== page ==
is Chris Straker’s Restorative Schools workshop on Monday, November 14. During this one-day workshop Chris, who has been at the forefront of the restorative practice in schools movement in the UK, will share his personal journey and experience in restorative approaches to leadership within schools and children’s services. “From Chris’s engaging, interactive presentation attendees will gain valuable insight into the behaviours, language and culture change needed for a restorative
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school. This workshop has been popular amongst those working in or around the education sector,” said Julia. Following closely behind Straker’s workshop is Jim McGrath’s ‘Working Restoratively with Families’ workshop on November 17. The workshop will explore the theory behind restorative parenting, the approach needed to work restoratively with families and the development and progress of the UK’s Restorative Parenting Programme.
“New Zealand has been a leader in developing restorative processes. We’re excited to share our knowledge with the local community – we know restorative practices make a positive difference in people’s lives and this workshop will be a fantastic introduction, or refresher, to this inclusive approach,” Julia said. A limited number of places are still available for both workshops. To find out more visit http://www.psc.org.nz/familyworks/professional-development-workshops/
Johnsonville Charitable Trust www.johnsonvilletrust.org.nz
Grenada, Paparangi, Newlands, Johnsonville, Churton Park and Broadmeadows suburbs.
for senior citizens aged 65 & over A cordial invitation is extended to the citizens of the above suburbs to attend our annual Christmas Luncheon:
Dates: Tuesday 6th, Wednesday 7th, Thursday 8th December 2016 Times: 12.00 noon till 2.00pm Place: The Innkeeper Johnsonville, 11 Broderick Road, Johnsonville If you would like to attend please fill in the coupon below indicating your preferred date in the tickbox provided and return to: Johnsonville Charitable Trust, Senior Citizens Luncheon, PO Box 13-072, Johnsonville 6440
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Wednesday November 16, 2016
New hair salon opens in Churton Park By Sharnahea Wilson
A new hair salon has opened in Churton Park and the friendly team is hoping to get involved in the local community at the same time as giving locals stylish cuts. Daisy Jake hair salon on Westchester Drive officially opened on Tuesday and owner Kerri Cox was excited to get to know the local community.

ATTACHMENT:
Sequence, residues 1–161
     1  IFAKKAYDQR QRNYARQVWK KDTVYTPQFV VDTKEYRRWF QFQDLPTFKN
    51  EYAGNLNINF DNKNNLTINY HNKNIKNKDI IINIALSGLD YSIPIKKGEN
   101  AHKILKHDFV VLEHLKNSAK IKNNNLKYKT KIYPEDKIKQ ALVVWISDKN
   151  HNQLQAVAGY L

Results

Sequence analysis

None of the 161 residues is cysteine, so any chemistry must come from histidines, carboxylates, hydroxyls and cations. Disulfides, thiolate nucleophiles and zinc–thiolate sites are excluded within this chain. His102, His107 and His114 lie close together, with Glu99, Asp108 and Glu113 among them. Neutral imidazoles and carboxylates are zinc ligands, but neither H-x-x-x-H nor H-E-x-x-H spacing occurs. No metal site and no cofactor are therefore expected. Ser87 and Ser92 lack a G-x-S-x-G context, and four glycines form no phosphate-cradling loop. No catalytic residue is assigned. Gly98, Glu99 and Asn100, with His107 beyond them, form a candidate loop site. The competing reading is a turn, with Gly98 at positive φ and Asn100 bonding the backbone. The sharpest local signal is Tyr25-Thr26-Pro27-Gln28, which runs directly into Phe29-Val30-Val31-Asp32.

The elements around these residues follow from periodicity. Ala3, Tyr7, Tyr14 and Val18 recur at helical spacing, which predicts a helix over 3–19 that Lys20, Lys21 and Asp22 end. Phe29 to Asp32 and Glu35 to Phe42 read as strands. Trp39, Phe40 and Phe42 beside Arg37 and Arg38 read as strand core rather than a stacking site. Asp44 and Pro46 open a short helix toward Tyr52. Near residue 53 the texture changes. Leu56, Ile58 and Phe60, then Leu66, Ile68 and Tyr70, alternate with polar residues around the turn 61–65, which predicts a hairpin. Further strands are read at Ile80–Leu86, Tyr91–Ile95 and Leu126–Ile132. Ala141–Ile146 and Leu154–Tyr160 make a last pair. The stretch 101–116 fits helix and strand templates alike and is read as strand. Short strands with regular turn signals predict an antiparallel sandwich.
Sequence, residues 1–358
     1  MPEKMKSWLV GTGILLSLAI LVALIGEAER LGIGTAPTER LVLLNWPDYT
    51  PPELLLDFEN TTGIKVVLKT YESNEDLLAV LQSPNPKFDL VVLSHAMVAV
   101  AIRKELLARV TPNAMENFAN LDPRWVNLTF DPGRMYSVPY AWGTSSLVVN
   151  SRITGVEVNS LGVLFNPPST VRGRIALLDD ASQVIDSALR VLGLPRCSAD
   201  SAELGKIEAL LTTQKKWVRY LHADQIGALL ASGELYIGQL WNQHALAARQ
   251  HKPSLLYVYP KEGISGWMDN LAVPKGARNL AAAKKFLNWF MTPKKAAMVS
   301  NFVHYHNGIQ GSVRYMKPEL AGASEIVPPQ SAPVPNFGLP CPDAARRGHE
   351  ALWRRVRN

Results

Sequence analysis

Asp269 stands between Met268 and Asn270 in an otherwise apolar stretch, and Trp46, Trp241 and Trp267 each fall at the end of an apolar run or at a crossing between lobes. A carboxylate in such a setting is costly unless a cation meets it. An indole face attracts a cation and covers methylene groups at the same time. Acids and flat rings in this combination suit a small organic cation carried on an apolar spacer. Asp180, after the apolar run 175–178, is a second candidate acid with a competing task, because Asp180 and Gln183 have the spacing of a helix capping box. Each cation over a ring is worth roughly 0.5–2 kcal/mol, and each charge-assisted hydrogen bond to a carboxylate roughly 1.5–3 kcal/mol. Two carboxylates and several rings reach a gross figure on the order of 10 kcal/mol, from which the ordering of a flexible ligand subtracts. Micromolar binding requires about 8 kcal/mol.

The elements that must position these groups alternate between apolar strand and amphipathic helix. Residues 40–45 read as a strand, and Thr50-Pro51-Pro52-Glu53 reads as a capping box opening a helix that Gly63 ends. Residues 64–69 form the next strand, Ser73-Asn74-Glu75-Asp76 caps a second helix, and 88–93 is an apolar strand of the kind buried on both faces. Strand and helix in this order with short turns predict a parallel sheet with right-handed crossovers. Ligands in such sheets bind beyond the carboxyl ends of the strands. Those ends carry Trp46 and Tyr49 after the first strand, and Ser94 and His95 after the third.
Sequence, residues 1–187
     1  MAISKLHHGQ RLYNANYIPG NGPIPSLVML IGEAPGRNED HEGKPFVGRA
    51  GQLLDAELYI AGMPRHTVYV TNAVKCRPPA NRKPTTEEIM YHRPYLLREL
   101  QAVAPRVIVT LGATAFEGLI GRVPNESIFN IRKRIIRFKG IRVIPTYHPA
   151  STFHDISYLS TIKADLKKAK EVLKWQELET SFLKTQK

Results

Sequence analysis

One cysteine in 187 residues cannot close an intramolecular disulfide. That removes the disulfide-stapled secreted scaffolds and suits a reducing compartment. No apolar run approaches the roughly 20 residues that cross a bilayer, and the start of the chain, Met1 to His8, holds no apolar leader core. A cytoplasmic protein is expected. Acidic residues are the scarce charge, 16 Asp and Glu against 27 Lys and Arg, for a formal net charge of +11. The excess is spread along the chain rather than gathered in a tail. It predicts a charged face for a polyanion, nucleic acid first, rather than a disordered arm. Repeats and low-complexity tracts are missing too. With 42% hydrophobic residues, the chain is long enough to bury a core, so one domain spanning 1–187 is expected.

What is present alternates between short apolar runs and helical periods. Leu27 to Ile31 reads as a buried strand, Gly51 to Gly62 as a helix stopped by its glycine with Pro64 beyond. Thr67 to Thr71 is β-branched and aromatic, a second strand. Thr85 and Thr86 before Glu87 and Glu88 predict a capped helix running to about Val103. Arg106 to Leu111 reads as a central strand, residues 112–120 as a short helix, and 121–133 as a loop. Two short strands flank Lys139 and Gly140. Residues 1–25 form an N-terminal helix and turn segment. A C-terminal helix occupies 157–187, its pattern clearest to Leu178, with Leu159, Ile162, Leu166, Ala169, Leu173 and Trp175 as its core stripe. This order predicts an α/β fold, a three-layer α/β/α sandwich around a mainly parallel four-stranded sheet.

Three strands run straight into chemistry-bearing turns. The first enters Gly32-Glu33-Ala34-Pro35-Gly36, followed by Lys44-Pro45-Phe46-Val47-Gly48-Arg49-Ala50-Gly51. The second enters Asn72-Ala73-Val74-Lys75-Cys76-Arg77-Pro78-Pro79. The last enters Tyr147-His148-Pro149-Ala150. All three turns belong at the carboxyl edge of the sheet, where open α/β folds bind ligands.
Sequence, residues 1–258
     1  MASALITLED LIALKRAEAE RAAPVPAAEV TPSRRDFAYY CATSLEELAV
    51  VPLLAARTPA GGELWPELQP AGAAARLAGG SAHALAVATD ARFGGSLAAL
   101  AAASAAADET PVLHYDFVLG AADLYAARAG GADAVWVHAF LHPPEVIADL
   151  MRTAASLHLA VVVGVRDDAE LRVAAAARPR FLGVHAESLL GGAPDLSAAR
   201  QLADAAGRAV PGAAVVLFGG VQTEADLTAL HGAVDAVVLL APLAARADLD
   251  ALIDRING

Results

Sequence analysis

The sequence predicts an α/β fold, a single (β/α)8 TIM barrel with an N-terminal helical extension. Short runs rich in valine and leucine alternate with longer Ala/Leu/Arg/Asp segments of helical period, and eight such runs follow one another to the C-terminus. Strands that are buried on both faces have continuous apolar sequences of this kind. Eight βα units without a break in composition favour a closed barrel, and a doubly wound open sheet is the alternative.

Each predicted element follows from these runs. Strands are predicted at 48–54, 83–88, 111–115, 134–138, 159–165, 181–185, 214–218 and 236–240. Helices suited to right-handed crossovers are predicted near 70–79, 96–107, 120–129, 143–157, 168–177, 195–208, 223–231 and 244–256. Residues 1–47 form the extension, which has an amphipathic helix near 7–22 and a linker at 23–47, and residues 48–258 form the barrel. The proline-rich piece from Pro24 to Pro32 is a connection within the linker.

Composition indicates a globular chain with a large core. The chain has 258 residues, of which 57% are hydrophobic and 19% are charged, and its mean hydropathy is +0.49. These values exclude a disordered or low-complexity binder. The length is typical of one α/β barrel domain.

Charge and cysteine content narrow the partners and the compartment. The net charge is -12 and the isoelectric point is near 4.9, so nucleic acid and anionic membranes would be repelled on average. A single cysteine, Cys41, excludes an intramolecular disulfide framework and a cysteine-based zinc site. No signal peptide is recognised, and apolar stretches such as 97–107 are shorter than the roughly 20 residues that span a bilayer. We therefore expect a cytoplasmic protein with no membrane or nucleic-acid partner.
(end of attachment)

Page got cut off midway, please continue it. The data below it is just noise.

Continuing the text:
Daisy Jake hair salon owner Kerri Cox officially opened the salon on Tuesday. PHOTO: Sharnahea Wilson
Kerri previously worked as the manager of Penny Black Hairdressing in Karori and has been a hairdresser for 22 years. Kerri always dreamed of owning a salon of her own so when she saw a hair salon in Churton Park advertised on Trademe she decided to snap up the opportunity. “I’ve been talking about it for a long time… it’s an overwhelming feeling just to be here,” Kerri said as she sat in the revamped hair salon. Two of the previous salon’s staff will stay on but Kerri also hoped to employ some locals. “We really want to be part of the community.” Kerri said she looked forward to helping new hairdressers through their apprenticeships and hoped her salon could be an employment opportunity for locals. “I love sharing my knowledge and my passion,” Kerri said. She said the salon would be focused on being “playful, edgy and unique” and she aimed for all customers to get a personal service. The name Daisy Jake stemmed from Kerri’s own trainer when she was just an 18-year-old apprentice. “He was having a baby and it was going to be Daisy if it was a girl and Jake if it was a boy. “It ended up being a girl and I still call her Daisy Jake to this day.” Daisy Jake is a Joico salon and customers will get 20 per cent off their first Joico product if they get their hair done before Christmas.